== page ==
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Tim Cook admits to intentionally slowing down commencement address to accommodate older generations

In a stunning turn of events the CEO of Apple has reluctantly admitted that he has been writing slower and slower drafts of his commencement speech to allow for the poorer processing ability of the more elderly members present at his address. 

“Just so we’re clear,” said an embattled Cook, “I’m delivering this to a whole range of people. The younger, quicker kids will be able to hear me just fine and I’m sure they’ll keep up no problem. But we’re also dealing with parents and grandparents too—older generations that aren’t as sharp as they once were and so yes, I’ll be slowing things down so they can keep up.”

As of his latest edition, Cook intends to initially say one word every five minutes but will actually update the speech on-the-fly as he delivers it, slowing it down even more to an agonising crawl of one word every thirty minutes. The Nobel Prize-winning Duke Department of Statistics estimates that the speech will last 13 months, triggering an awkward merger between the class of 2019 and the class of 2018, who will still be seated in Wallace Wade by May of 2019. 

The revelation has caused such enormous backlash from both the public and investors that Cook has been forced to make concessions. For the next year, older folks attending graduation will be able to replace the batteries for their hearing aids through Apple at a lowered price of just $29. But waiting times have already skyrocketed to several months and many are worried they won’t be able to get the upgrades by May.

When Monday Monday asked Stanley Dordles—an 83-year-old whose granddaughter will be graduating this year—for his opinion on the matter, he had this to say:




Harrowing words indeed; but Stanley Dordles is far from the only one frustrated by these recent events. When told that Wallace Wade would be unavailable to host any Duke football games for the next year, Coach Cutcliffe ordered his special teams to punt his personal collection of Apple devices as far as they possibly could. Five kickers have already been admitted to Duke Hospital with various foot injuries; the last to be brought in reported having fractured a toe on an AirPod and is now the laughing stock of the entire team. Tense paramedics were on standby as the final reserve punter stifled back tears and wound up to kick Cutcliffe’s 13-pound, solid aluminium 2015 iMac. 

With so much controversy surrounding the delivery of the speech, few have taken the time to actually look at its content. But those that have read it through are deeply worried that Cook is merely using the address as a promotional opportunity for Apple’s newest product line. Titled “Unlocking the Potential of College: Using Your Face,” the draft is riddled with clunky metaphors referencing various Apple projects, such as:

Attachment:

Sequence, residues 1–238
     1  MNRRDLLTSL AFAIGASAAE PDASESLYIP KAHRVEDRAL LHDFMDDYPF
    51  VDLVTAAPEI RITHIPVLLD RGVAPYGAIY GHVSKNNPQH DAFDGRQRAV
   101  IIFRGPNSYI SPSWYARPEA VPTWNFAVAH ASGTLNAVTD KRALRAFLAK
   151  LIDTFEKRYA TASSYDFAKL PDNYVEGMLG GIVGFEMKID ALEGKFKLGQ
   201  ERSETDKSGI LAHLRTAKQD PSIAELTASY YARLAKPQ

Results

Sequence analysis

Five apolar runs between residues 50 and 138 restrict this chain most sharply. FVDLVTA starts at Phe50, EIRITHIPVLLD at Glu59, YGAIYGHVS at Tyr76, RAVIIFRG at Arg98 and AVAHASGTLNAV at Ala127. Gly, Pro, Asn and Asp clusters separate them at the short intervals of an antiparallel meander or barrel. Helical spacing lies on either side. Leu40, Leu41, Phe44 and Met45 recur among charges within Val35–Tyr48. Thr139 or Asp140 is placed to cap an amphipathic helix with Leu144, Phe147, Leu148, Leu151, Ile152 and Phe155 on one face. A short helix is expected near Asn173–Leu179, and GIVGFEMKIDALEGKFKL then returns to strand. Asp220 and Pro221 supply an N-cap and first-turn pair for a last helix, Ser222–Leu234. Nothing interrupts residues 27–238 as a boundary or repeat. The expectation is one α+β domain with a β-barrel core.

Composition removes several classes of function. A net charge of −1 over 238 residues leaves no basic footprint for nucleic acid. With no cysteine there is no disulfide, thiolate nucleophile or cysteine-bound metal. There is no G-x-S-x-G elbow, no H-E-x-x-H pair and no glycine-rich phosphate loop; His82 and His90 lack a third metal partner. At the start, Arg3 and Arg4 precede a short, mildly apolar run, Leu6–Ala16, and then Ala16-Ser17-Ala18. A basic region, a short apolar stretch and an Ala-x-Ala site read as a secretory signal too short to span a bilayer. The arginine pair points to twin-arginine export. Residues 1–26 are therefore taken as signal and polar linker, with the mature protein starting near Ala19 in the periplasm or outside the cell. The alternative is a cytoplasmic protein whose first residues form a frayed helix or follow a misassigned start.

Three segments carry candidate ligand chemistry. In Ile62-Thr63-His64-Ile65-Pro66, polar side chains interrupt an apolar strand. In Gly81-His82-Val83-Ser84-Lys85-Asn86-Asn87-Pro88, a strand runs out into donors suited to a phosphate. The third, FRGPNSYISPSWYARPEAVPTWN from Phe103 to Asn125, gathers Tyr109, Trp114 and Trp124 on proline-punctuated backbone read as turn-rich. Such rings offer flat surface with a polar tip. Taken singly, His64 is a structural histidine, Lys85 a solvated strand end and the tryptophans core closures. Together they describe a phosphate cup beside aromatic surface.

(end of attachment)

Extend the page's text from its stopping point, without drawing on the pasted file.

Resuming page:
“Sometimes you’re going to find yourself lost in life, like a traveller stranded in a desert. Now I know what you’re thinking: use Apple Maps to get out of there, right? Wrong. Still doesn’t work properly—we’re working on that. The point is this: you have to have faith in your own inner compass.”

“Leaving college is like getting rid of the headphone jack; it’s tough at first and you’ll miss it. But eventually you’ll get used to it and, even then, there will always be homecoming—the ol’ “dongle adapter” of life that brings generations back together to awkwardly reconnect us.”

“Follow your heart and don’t be afraid to shoot for the stars; if I can charge someone $999 for a phone, then you can do anything.”

Whether or not Cook decides to alter these sections before he steps up to the podium in May is a mystery. Why on earth he wrote them in the first place is also a complete mystery. But for students graduating in May, the choice facing them is painfully clear: upgrade your grandparents or clear your entire calendar until mid-2019. 

Correction: Monday Monday earlier stated mistakenly that Duke’s Department of Statistics was “Nobel Prize-winning”; as of yet the department has been awarded no such title but Monday Monday is optimistic that if they all just keep dunking downright dubious digits into their big boy calculators something will definitely come along soon.

This is the second time such an error has occurred but Monday Monday sincerely promises not to make it a recurring theme.


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